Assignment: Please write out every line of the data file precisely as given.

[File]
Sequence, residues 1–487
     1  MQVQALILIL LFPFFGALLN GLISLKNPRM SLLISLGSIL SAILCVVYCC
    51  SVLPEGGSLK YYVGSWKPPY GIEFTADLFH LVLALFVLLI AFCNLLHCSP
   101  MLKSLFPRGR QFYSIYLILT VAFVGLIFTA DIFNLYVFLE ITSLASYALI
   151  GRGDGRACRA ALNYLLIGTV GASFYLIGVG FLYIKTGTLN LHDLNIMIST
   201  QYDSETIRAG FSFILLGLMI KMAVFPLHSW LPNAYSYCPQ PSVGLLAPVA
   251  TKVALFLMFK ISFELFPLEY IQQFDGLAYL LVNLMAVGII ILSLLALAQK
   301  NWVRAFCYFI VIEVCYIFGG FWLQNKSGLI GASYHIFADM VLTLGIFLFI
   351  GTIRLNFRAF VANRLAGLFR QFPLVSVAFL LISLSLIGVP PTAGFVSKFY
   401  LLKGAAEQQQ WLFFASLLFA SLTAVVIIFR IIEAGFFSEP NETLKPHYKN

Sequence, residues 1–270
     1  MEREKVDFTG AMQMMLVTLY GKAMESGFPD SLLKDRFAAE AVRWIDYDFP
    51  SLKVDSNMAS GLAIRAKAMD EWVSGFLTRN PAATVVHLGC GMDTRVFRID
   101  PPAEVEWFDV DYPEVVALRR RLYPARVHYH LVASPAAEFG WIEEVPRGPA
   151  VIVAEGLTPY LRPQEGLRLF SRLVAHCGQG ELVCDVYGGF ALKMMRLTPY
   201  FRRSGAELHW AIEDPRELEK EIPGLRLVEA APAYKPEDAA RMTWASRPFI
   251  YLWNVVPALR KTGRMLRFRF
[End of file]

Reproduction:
Sequence, residues 1–487
     1  MQVQALILIL LFPFFGALLN GLISLKNPRM SLLISLGSIL SAILCVVYCC
    51  SVLPEGGSLK YYVGSWKPPY GIEFTADLFH LVLALFVLLI AFCNLLHCSP
   101  MLKSLFPRGR QFYSIYLILT VAFVGLIFTA DIFNLYVFLE ITSLASYALI
   151  GRGDGRACRA ALNYLLIGTV GASFYLIGVG FLYIKTGTLN LHDLNIMIST
   201  QYDSETIRAG FSFILLGLMI KMAVFPLHSW LPNAYSYCPQ PSVGLLAPVA
   251  TKVALFLMFK ISFELFPLEY IQQFDGLAYL LVNLMAVGII ILSLLALAQK
   301  NWVRAFCYFI VIEVCYIFGG FWLQNKSGLI GASYHIFADM VLTLGIFLFI
   351  GTIRLNFRAF VANRLAGLFR QFPLVSVAFL LISLSLIGVP PTAGFVSKFY
   401  LLKGAAEQQQ WLFFASLLFA SLTAVVIIFR IIEAGFFSEP NETLKPHYKN

Sequence, residues 1–270
     1  MEREKVDFTG AMQMMLVTLY GKAMESGFPD SLLKDRFAAE AVRWIDYDFP
    51  SLKVDSNMAS GLAIRAKAMD EWVSGFLTRN PAATVVHLGC GMDTRVFRID
   101  PPAEVEWFDV DYPEVVALRR RLYPARVHYH LVASPAAEFG WIEEVPRGPA
   151  VIVAEGLTPY LRPQEGLRLF SRLVAHCGQG ELVCDVYGGF ALKMMRLTPY
   201  FRRSGAELHW AIEDPRELEK EIPGLRLVEA APAYKPEDAA RMTWASRPFI
   251  YLWNVVPALR KTGRMLRFRF